FIVE ways National Theatre Live has revolutionised theatre

Recently I have been to my first National Theatre Live showing, and I shall be going again to see future broadcasts. Here are a few of my thoughts on why I think the scheme has made theatre more accessible to me, particularly as a student in London.


  1. The price difference between going to see one of the live broadcasts and going to see the actual play is astounding. This is a major plus point for me; being a student I don’t have a lot of extra income to spend and London theatre prices can be extortionate. Most of what I do have to spend goes on going to the theatre and the cinema anyway so this is the perfect combination of events. As with everything in the world and particularly London average ticket prices for the theatre are increasing. According to SOLT, the average price paid for a West End ticket was £42.99 in 2015 and it will have only increased by now. Compare that to the £16.49 I paid for a student ticket for Angels in America there is a big difference. Now you may not get the full theatrical experience from going to a see a NTLive performance but it allows a good enough experience for the price.


  1. You are able to watch the screened plays from anywhere in the country (being able to see a performance while at home over summer break has been a saving grace). Living about 300 miles away from London it is a bit too far to go for a single theatre trip and, providing NTLive been around before I started studying in the capital, I would have seen many more pieces of theatre. However I can appreciate what it means for drama enthusiasts all over the country to be able to go see a piece of theatre that would not usually be available to them. It also brings more theatre to people in areas where the arts are not so widely available.


  1. It opens up theatre to a whole new audience. Many people still perceive attending the theatre as something for those that are more affluent and who may live in or near a city. By bringing carefully selected pieces of theatre to rural and art-deprived areas it allows new audiences to test the waters without having to spend very much money. It also opens up the doors to younger theatre viewers who cannot make a journey to the capital but still want to experience the culture and art it has to offer. I was particularly surprised yet pleased by the number of people in the viewing I attended as my area is not known for its support of the arts.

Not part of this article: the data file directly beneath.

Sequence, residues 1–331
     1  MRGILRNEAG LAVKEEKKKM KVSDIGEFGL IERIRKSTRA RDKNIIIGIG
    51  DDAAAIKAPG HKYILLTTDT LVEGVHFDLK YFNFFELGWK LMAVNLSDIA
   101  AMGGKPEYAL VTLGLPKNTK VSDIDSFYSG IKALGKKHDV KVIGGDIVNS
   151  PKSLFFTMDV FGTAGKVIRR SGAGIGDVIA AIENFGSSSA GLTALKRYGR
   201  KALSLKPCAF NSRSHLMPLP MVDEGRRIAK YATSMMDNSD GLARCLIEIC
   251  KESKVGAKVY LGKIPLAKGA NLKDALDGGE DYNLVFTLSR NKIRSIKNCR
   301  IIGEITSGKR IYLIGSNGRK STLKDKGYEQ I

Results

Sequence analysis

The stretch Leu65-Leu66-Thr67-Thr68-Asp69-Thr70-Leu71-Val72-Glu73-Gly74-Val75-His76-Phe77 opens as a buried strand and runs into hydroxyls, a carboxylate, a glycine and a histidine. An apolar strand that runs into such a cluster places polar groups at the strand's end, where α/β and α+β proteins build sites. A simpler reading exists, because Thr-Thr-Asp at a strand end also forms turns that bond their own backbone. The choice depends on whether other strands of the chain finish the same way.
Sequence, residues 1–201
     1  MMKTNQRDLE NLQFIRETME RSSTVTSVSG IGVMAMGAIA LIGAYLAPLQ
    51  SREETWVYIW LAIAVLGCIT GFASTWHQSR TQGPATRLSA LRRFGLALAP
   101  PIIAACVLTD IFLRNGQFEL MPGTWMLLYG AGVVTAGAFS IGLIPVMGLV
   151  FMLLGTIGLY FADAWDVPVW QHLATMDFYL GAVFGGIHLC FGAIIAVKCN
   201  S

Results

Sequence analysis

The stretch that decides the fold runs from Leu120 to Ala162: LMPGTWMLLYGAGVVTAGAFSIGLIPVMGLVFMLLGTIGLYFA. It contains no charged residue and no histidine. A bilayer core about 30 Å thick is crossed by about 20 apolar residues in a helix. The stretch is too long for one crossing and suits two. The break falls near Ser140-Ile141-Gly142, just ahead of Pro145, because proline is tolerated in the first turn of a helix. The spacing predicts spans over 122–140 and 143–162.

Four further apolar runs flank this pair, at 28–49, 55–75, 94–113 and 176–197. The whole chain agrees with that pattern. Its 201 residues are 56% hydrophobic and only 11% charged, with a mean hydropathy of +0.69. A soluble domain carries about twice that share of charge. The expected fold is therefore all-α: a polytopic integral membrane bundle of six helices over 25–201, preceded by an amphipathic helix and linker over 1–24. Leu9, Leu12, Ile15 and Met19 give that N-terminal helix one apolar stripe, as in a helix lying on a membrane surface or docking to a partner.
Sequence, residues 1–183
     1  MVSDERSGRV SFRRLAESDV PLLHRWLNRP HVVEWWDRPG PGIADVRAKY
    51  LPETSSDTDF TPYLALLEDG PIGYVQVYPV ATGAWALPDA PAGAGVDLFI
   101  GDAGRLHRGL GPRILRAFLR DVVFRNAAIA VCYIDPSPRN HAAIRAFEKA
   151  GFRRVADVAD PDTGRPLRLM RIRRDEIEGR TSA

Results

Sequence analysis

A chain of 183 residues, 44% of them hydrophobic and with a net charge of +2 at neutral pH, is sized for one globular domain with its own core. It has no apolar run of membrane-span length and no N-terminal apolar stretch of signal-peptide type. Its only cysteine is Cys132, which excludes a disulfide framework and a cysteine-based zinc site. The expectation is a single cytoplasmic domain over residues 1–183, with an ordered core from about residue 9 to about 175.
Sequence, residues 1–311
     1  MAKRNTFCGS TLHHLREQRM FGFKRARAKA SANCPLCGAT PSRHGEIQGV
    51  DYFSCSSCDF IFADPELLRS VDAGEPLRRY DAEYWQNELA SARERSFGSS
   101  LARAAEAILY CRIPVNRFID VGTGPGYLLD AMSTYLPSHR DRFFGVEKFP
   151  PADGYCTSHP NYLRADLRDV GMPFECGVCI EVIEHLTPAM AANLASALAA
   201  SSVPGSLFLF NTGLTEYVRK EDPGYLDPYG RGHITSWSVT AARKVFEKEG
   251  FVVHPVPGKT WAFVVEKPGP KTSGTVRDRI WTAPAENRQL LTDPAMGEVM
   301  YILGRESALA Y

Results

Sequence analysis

2. It gives you a clear view of all the action on the stage. This is debatably a good thing, since there are no restricted views when going to see an NTLive showing. Every piece of action on stage is captured by cameras and the shots are carefully chosen so that you can observe what might be missed in a live theatre hall. Sometimes this view is better than you could ever get in a theatre; close up shots of actors’ faces show their emotive acting better than you would ever be able to see from the stalls. However this does limit the audience in what they can view as, of course, if the cameras are focused on one actor the reactions of another can be easily overlooked. Personally I really enjoy viewing the stage as a whole and seeing how certain events look as part of the larger stage, or alternatively seeing how other characters are acting during a monologue.


  1. They are able to show a play again long after its run on stage has finished. Recently it has been announced that Hamlet featuring Benedict Cumberbatch will be reshown by NTLive despite its run finishing over 2 years ago. As someone who did not have the means to go see the original play, this is very exciting. But one could also question why more current theatre is not being filmed around the country. The balance lies in trying to make theatre exclusive enough that people are still appealed to the luxury/novelty of seeing theatre live and making it available to the masses that simply would not have the access otherwise. As of now there is a viewing available in cinemas at least once a month which, in my opinion, is just enough to create an interest and build a returning audience for the NTLive events.


I would certainly urge anyone who can to use the facilities and go see a NTLive showing, but I can agree they will never replace the undeniable atmosphere of going to see a piece of theatre in the flesh. However, making theatre more accessible and available throughout the country to a wider range of people could never be a bad thing.

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